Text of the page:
Police union president questions Mesa’s place on ‘safest city’ list - East Valley Tribune: Mesa

Police union president questions Mesa’s place on ‘safest city’ list

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Posted: Wednesday, January 4, 2012 8:29 am | Updated: 10:41 am, Wed Jan 4, 2012.

A police union president is calling into question the validity of Mesa’s place on a recent magazine list honoring what are supposedly America’s safest cities to live in.

Ryan Russell, president of the Mesa Police Association, voiced concerns over the list — released last week by Forbes Magazine with the East Valley’s largest city coming in as the seventh-safest city in the United States — because it contains crime statistics that are nearly three years old and the ranking was based on limited areas, such as traffic fatality rates and violent crimes for cities with a population of more than 250,000.

Plano, Texas, a short drive north from Dallas, was ranked as the nation’s safest city to live in. The Las Vegas suburb of Henderson, Nev. was second and Honolulu third. The rankings were based on violent crime rates reported by the FBI’s uniform crime statistics and traffic fatality rates reported by the National Highway Traffic Safety administration.

Russell, who is a sergeant in Mesa’s gang unit and also has seen domestic violence incidents increase in the city and a steady flow of gang-related activity, told the Tribune that he was surprised Mesa made the list amid its budget cuts and personnel reductions through attrition in recent years. The Mesa Police Department peaked with 855 uniformed officers on the streets between 2005 to 2008, but now is below 770, according to Russell.

“We need to have Forbes Magazine come out here and ride with our gang unit,” Russell said. “The two areas that Forbes used to rank the cities are just a small piece of the pie. I can understand why they figure in traffic fatalities because that is a vital component to public safety. I think the ranking does speak volumes as to how hard our officers are working.”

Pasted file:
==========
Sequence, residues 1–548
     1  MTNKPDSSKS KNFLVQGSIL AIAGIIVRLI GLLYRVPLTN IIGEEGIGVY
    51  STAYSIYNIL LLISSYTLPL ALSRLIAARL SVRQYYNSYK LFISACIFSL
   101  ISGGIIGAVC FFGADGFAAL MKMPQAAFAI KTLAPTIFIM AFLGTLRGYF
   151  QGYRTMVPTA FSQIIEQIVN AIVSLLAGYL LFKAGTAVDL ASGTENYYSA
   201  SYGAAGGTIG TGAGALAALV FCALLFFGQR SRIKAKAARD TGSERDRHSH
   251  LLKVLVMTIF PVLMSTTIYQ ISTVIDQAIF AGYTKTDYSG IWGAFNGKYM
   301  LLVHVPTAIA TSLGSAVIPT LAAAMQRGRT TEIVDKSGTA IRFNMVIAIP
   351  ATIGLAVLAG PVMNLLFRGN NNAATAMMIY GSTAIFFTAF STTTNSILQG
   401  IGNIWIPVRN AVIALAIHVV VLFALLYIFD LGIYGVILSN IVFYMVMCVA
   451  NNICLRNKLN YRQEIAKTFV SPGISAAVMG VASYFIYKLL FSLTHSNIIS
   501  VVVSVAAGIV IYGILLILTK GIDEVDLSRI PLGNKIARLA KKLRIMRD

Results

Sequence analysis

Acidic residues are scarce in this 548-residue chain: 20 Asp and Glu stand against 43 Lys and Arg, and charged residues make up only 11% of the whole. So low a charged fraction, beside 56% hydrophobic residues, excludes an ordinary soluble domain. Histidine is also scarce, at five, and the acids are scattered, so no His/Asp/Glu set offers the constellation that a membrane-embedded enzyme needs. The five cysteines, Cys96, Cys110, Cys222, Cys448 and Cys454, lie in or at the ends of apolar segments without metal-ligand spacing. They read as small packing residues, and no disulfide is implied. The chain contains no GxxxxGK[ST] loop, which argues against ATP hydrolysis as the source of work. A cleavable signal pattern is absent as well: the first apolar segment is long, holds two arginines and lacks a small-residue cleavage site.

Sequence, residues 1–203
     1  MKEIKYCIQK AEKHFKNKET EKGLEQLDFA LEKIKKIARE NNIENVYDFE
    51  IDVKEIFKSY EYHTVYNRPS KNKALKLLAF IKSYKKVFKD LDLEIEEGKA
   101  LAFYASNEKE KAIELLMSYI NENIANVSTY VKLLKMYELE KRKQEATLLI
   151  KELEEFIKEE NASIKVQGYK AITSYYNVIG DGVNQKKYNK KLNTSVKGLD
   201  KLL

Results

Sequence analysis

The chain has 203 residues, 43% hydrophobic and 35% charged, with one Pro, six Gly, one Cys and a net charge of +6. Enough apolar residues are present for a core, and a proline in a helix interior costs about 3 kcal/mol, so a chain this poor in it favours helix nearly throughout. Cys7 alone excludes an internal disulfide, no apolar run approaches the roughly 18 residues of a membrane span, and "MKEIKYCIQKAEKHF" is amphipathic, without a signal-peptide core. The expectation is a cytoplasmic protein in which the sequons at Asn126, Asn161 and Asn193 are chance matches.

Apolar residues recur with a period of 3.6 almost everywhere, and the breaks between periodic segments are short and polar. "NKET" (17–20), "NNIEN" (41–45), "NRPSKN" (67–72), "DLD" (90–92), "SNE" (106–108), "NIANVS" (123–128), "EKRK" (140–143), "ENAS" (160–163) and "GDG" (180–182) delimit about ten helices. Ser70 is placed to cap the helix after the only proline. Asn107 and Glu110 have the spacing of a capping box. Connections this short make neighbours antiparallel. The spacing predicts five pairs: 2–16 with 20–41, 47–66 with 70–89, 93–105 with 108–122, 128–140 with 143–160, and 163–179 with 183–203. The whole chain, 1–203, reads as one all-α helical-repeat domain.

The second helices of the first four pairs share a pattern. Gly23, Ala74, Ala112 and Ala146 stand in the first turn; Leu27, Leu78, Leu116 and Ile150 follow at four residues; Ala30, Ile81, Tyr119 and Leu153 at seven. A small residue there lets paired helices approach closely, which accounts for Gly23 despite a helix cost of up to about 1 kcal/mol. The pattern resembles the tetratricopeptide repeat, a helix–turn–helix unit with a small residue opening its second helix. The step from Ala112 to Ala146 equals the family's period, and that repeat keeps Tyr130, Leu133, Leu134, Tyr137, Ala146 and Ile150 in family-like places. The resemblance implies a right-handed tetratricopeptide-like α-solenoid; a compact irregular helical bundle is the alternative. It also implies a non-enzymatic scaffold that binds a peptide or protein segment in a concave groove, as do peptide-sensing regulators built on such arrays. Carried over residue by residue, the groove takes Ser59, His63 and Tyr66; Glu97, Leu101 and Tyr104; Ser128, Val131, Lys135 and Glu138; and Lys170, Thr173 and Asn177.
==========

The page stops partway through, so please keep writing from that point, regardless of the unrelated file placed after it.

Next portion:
By comparison, the gang unit in which Russell is a supervisor of, peaked at 22 detectives and 16 sergeants during 2008 and 2009, but now is at 16 detectives and three sergeants.

Incident response times also increased by 12 to 14 percent since 2009, translating from 3.75 minutes per call to 4.05 minutes today.

Based on crime statistics on cityrating.com, Mesa crime statistics reported an overall downward trend in crime based on data spanning 11 years with violent crime decreasing and property crime decreasing. Based on this trend, the crime rate in Mesa for 2011 is expected to be lower than in 2009.

The city’s violent crime rate for Mesa in 2009 was 1.08 percent lower than the national violent crime rate average, while the city property crime rate in Mesa was higher than the national property crime rate average by 13.08 percent. 

In 2009 the city violent crime rate in Mesa was higher than the violent crime rate in Arizona by 4.04 percent and the city property crime rate in Mesa was lower than the property crime rate in Arizona by 3.47 percent, according to the statistics.

In 2009, there were 14 homicides, 123 rapes and 1,303 motor vehicle thefts and 611 robberies reported in Mesa. However, in 2011, all of those categories were projected to see increases by the end of the year.

The crimes projected to slightly drop during 2011 were burglaries, larceny and theft, property crime and arson. 

Russell called the rankings an “anomoly.”

“Usually, during hard economic times, crimes goes up. We have seen some violent crimes go down, but others go up,” he said.

“The scope (Forbes) looked at is very small,” Russell added. “Forbes Magazine needs to expand its scope and run the whole gamut of crimes. The individual who has their home or car burglarized, those are the people who look at whether Mesa is the seventh-safest city.” 

The safest cities ranking list was compiled by Beth Greenfield, a contributor to Forbes Magazine. Attempts to reach Greenfield for comment have been unsuccessful.

Contact writer: (480) 898-6533 or msakal@evtrib.com

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